There is a great misunderstanding about what it means to live a happy life, and it can be summed up in the popular symbol of the smiley face.
Now, I like to smile. I love feeling that kind of glowing, delighted state of emotional bliss. It’s wonderful to be full of joy and love and laughter. But feeling those things doesn’t in and of itself make for a happy life; and just because we don’t happen to feel them in the moment doesn’t mean we are unhappy.
In fact, if simply feeling those emotions all the time was what constituted happiness, and if Aristotle was correct in saying that, “Happiness is the meaning and the purpose of life, the whole aim and end of human existence,” then it would be a simple matter to find the right combination of drugs that would perpetually bathe our neurons with joyful chemicals, and we could all be perpetually happy and fulfill the aim and end of our existence.
But this smiley face view of happiness is a mistake.
A happy life is an engaged life, an active life, an ethical life, a life that we create; a life we can be proud of… it is not a perfect life.
If we have a view of happiness that tells us that to feel sad or angry or afraid is a sign of failure, or a moral shortcoming of some kind, we’re actually setting ourselves up for a miserable bind. The “negative” emotions of life are just as important as the “positive” emotions, in their own way… and when they are not overdone.
Nobody wants to walk around feeling afraid all the time… or angry, or sad. These feelings, in and of themselves, don’t make for a good life either.
But they do provide us with important information about what is going on. Used well, they are responses to actual circumstances.
- Anger is a response to trespass. If somebody crosses a line where our territory or integrity or values are being violated or threatened, anger lets us know to check this out, and it gives us the emotional energy to push back and protect what matters to us.
- Fear is a response to perceived or imagined danger. The challenge becomes discerning whether a given feeling of fear is in response to something real or imagined.
- Sadness is a response to loss. The challenge with sadness can be to let it run its course, and allow other, more positive feelings to come back around.
A happy life includes the entire range of feelings, an expansive vision of possibilities, and a grounded and accurate relationship to reality. To navigate our emotional life is to integrate what we feel with a clear assessment of reality, and to choose what we want to do with the information and experience contained within our emotional life.
We don’t want to dwell on and become overwhelmed by fear, or sadness, or anger, but neither do we want to avoid these feelings, or judge them as some kind of moral failing.
The Illusion of Perfect Happiness
An absurd example of this was attempted in the latest version of the diagnostic manual of psychology, the DSM-5. In it, a person who has just experienced a major loss of a loved one is diagnosed with a depressive disorder if they feel depressed at all - any time from the moment of loss.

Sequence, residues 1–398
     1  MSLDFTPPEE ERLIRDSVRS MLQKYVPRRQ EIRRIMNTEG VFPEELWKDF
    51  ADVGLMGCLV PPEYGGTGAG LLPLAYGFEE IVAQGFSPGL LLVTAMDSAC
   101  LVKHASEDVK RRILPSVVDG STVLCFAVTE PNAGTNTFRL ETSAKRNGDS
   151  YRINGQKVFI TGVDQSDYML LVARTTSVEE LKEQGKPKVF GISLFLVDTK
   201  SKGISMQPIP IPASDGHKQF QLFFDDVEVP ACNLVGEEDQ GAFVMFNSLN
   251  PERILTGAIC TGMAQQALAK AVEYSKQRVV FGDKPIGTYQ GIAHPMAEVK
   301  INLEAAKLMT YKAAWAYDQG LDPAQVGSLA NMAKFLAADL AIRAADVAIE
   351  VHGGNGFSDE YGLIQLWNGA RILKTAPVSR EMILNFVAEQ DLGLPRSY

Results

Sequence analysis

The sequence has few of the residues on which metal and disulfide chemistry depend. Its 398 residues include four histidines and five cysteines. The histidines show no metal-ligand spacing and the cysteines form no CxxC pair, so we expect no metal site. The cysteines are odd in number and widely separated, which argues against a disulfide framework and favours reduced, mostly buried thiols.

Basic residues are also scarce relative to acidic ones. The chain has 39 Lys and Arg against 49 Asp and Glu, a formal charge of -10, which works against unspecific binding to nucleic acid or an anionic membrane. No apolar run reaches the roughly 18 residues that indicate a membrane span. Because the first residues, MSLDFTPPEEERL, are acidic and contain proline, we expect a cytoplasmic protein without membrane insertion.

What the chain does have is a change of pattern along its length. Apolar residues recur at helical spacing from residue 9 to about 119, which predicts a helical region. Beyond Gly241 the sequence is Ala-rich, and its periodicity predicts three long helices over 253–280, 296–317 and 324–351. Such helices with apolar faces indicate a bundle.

It used to be that there was a reasonable time frame for this diagnosis that corresponded with natural human grief. But with today’s emphasis on psychopharmacology - and the illusion of perfect happiness - normal human grieving is now seen by some as something to be avoided at all times and at all costs - to the point where it’s labeled a psychological disorder.
Grief is a natural response to loss. Depression is not pleasant, and it is not something to indulge or succumb to, but it is also very human. As a psychological problem, it is generally a symptom of helplessness. But helpless is exactly what we feel when we face great loss. So depression can be a reasonable and natural response. For a while: a few months, maybe a year or so.
That doesn’t mean that you ever fully “get over” such a loss. I lost both of my parents about a dozen years ago, and I still miss them, and feel sad at times wishing I could see them. But I also don’t walk around obsessed with their loss, or disabled by depression.
Our sadness honors those we have loved and lost. Indulging and ruminating on that loss for too long is a disabling choice, which does not honor those lost, but only serves to make us miserable and ineffective.
There is complexity to such emotions, and to such states as depression. They are experiences to wrestle with, to make sense of, and to integrate into our good and happy lives. They are not to be avoided in the name of some perfect vision of bliss or mindless cheeriness; nor are they to be taken on as a perpetual atmosphere of one’s life.
Living With Integrity
Happiness is a way of life. It is something that we do. And actively, purposefully integrating our entire range of emotions is one of the central actions that lead to a happy life.
This is not something that anybody does perfectly. Integrity is always a work in progress, and integrating our emotional experience is a central task of living with integrity. But it is something that we can practice, and improve on, and eventually achieve a degree of mastery with.
This is a major task of each of our lives. It is central to what it means to be human. There is not a simple answer to all of our emotional challenges. It takes work, it takes consciousness, and it takes understanding that sometimes life hurts, and then it’s our job to assess the situation, bandage up our wounds and carry on with life as best as we can.
Happiness is not a smiley face, and it’s not perfection. It’s a complex achievement of consciousness and purposeful action. Far from the frivolous symbolism of our smiley friend, true happiness as Aristotle spoke of it is something that is earned.